How To Save Your Job After a Gaffe


Geraldine Ferraro stepped down from her position on Hillary Clinton’s campaign finance committee after her controversial remarks that Barack Obama’s success in the election thus far has been due to the color of his skin.

Last week, Ferraro, a former vice presidential nominee, remarked to The Daily Breeze, of Torrance, Calif., that, “If Obama was a white man; he would not be in this position. And if he was a woman of any color, he would not be in this position. He happens to be very lucky to be who he is. And the country is caught up in the concept.”

An unapologetic Ferraro decided to resign after intense political backlash towards both her and the Clinton campaign. However, she has not resigned because she regrets her statements. In e-mail to Clinton, Ferraro wrote, “I am stepping down from your finance committee so I can speak for myself and you can continue to speak for yourself about what’s at stake in this campaign. The Obama campaign is attacking me to hurt you. I won’t let that happen.”

But could an apology have helped her? Only if it was sincere, says Simma Lieberman, a diversity consultant based in Albany, Calif. “If someone makes a comment like that and then says they mean it and refuses to see the point in a discussion about it, they should be lose their job."

Inappropriate comments whether they be racist, sexist, or anything else, can be incredibly hurtful and are always inappropriate, especially in the work place. However, when people find themselves in this situation, they may be able to turn it into a learning experience and keep their jobs at the same time.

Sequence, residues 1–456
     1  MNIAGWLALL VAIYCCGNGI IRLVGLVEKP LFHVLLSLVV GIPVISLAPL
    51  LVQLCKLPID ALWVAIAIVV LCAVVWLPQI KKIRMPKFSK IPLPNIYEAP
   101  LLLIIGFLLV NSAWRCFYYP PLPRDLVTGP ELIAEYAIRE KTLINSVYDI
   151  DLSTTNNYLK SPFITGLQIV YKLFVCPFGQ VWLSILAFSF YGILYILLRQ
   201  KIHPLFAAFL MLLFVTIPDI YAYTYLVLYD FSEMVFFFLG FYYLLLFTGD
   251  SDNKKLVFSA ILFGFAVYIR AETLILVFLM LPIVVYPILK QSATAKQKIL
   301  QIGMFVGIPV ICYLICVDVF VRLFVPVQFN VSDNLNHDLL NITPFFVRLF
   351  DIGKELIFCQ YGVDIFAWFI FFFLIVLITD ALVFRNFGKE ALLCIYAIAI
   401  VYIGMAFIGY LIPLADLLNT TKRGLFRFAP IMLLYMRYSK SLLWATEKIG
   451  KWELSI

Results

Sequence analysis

Most people are not intentionally malicious and their inappropriate comments, are often a result of naïveté. People don’t realize that the intention of their statement is much different than the implication. “Geraldine Ferraro’s comments actually imply that the voters supporting Obama are idiots and have been taken in by him,” says Lieberman. “The same goes when people make a racial comment about a co-worker or boss. It implies first that someone of a different race is incompetent and incapable of having their job and that they are much more competent to have those responsibilities.”

However a blunder like this isn’t necessarily fatal to one’s career. Penelope Trunk, author of Brazen Careerist, says Ferraro got herself into hot water because she has been a loose canon in the past also. “Normally one comment will not cost you you’re career. What you cannot afford to do is be high and mighty and go around saying that you are right.”

There are a few things that people who have made a verbal slip up at work need to do to make their mistake right. People should first state what the intent of their comment was. Sometimes things come out wrong or are taken out of context and an explanation might clarify that. Next, they should apologize for what they have said to the people who were offended by it. “The faster that you apologize, the faster it goes away,” says Trunk. And finally, if it is still a question, they can ask what is wrong exactly with what they have said and how it could have been phrased better.

Adds Lieberman, “The most important thing is dialogue. If I say something that offends you, you should be able to tell me that you are offended and why. There is not enough discussion in the workplace today and it can be used a chance to educate people.”

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